“Giant Steps” Album Review

Giant Steps by John Coltrane (1960)

Album: Giant Steps

Artist: John Coltrane

Year: 1960

Genre: Hard Bop

Grade: A

Jazz albums have an uncanny knack for being perfectly named. Thelonious Monk really was the Genius of Modern Music. Ornette Coleman’s The Shape of Jazz to Come predicted exactly what the title proclaims. And John Coltrane’s Giant Steps was such a major progression over his previous work that it immediately positioned the tenor saxophonist as jazz music’s biggest superstar.

The opening title track is Coltrane’s most famous song, featuring a revolutionary chord progression that is both catchy and cutting-edge. “Giant Steps” instantly draws the listener into its all-encompassing modality — a style that noted jazz journalist and historian Ira Gitler dubbed “sheets of sound,” in which high-speed melodies cascade over one another at a rapid clip, providing an endless flow of invention and creativity that never ceases.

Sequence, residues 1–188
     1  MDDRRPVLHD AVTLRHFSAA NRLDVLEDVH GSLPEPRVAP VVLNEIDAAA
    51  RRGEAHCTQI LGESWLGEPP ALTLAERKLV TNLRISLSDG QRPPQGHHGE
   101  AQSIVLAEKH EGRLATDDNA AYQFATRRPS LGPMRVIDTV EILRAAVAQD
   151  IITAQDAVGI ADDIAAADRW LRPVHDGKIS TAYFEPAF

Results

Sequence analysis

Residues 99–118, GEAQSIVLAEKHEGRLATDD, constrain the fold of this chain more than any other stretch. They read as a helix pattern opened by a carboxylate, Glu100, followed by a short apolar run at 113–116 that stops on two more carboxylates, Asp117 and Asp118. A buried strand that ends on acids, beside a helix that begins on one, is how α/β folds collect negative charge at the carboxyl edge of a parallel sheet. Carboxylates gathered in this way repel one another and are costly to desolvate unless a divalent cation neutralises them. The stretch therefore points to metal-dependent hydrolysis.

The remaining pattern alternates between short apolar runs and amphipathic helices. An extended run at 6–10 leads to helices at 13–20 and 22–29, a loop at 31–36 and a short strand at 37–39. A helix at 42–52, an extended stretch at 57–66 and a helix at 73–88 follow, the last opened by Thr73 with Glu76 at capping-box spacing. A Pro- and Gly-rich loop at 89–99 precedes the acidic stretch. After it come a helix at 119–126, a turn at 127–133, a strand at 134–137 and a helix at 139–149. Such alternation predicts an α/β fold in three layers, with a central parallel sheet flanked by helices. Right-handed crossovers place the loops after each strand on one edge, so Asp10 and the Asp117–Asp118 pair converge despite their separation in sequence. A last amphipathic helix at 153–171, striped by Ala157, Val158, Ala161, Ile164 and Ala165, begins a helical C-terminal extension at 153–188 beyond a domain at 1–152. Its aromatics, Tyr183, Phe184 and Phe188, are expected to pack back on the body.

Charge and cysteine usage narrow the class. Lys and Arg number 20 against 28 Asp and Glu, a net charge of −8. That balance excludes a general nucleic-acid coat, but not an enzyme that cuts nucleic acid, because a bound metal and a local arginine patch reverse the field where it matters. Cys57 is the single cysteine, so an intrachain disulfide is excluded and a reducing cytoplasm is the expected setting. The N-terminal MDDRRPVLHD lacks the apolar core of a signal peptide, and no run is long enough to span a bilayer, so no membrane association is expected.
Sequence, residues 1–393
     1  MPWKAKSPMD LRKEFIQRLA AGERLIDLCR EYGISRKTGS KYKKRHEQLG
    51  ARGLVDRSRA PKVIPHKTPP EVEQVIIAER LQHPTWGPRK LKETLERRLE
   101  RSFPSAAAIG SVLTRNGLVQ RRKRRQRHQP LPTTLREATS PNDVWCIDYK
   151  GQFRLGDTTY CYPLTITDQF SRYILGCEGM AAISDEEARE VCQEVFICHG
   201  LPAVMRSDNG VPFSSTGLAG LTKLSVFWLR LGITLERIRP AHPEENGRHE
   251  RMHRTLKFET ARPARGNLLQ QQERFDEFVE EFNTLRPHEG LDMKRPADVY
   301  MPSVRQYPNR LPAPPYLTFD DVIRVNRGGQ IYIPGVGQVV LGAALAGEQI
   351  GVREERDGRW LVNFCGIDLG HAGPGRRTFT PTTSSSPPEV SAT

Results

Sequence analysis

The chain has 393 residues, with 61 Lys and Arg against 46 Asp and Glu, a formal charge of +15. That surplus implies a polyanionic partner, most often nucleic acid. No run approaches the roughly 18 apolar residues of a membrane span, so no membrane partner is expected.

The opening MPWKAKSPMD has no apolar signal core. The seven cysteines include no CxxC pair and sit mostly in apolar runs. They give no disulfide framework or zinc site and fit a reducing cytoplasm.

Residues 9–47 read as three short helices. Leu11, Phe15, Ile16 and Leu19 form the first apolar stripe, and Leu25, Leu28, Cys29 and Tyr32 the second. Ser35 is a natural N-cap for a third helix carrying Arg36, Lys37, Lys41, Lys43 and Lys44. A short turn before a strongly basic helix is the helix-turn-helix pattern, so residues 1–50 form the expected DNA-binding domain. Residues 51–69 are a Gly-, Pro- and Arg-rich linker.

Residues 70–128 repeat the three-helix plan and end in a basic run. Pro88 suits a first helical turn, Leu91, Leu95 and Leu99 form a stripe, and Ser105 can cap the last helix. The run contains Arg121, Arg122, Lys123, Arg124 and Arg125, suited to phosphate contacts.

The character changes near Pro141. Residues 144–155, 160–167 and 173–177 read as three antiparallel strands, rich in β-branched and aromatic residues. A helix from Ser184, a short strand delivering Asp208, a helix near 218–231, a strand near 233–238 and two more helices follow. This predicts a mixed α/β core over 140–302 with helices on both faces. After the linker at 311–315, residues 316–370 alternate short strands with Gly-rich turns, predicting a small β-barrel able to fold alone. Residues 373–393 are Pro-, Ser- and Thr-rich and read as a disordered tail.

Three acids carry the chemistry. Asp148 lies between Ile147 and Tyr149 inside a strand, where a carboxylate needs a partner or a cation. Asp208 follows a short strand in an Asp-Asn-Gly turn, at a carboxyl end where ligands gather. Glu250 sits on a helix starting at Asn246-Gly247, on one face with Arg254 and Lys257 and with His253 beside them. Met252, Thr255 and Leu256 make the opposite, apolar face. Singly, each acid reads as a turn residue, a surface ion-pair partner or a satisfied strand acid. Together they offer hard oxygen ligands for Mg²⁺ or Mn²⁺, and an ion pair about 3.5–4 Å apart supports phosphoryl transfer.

It’s easy to praise Coltrane’s playing for its innovative approach and technical wizardry; however, the real reason his music remains so transcendent is because it is permeated by such deep emotion. For example, the slow-moving ballad “Naima” (named after his wife, Juanita Naima Grubbs) is perhaps the greatest jazz song ever recorded. Full of mystery and ambiguity, it defies both time and space in its stillness. At the same time, it’s also stunningly beautiful, built around one of the “prettiest” melodies you’ll ever hear. This unique duality is what makes Coltrane’s brand of jazz so unparalleled.

Giant Steps takes heavy influence from modal jazz — after all, it was recorded only two weeks after the final sessions for Miles DavisKind of Blue. Nevertheless, it still firmly resides in hard bop tradition. The two-minute “Countdown” hints at the avant-garde direction that Coltrane would soon explore, while other songs like “Syeeda’s Song Flute” and “Spiral” are far more indebted to jazz tradition. Still, the entire album was a massive artistic leap from his earlier LPs.

For John Coltrane, there would be no looking back after Giant Steps. It remains one of the biggest breakthroughs in jazz music history.

“Giant Steps” Album Review

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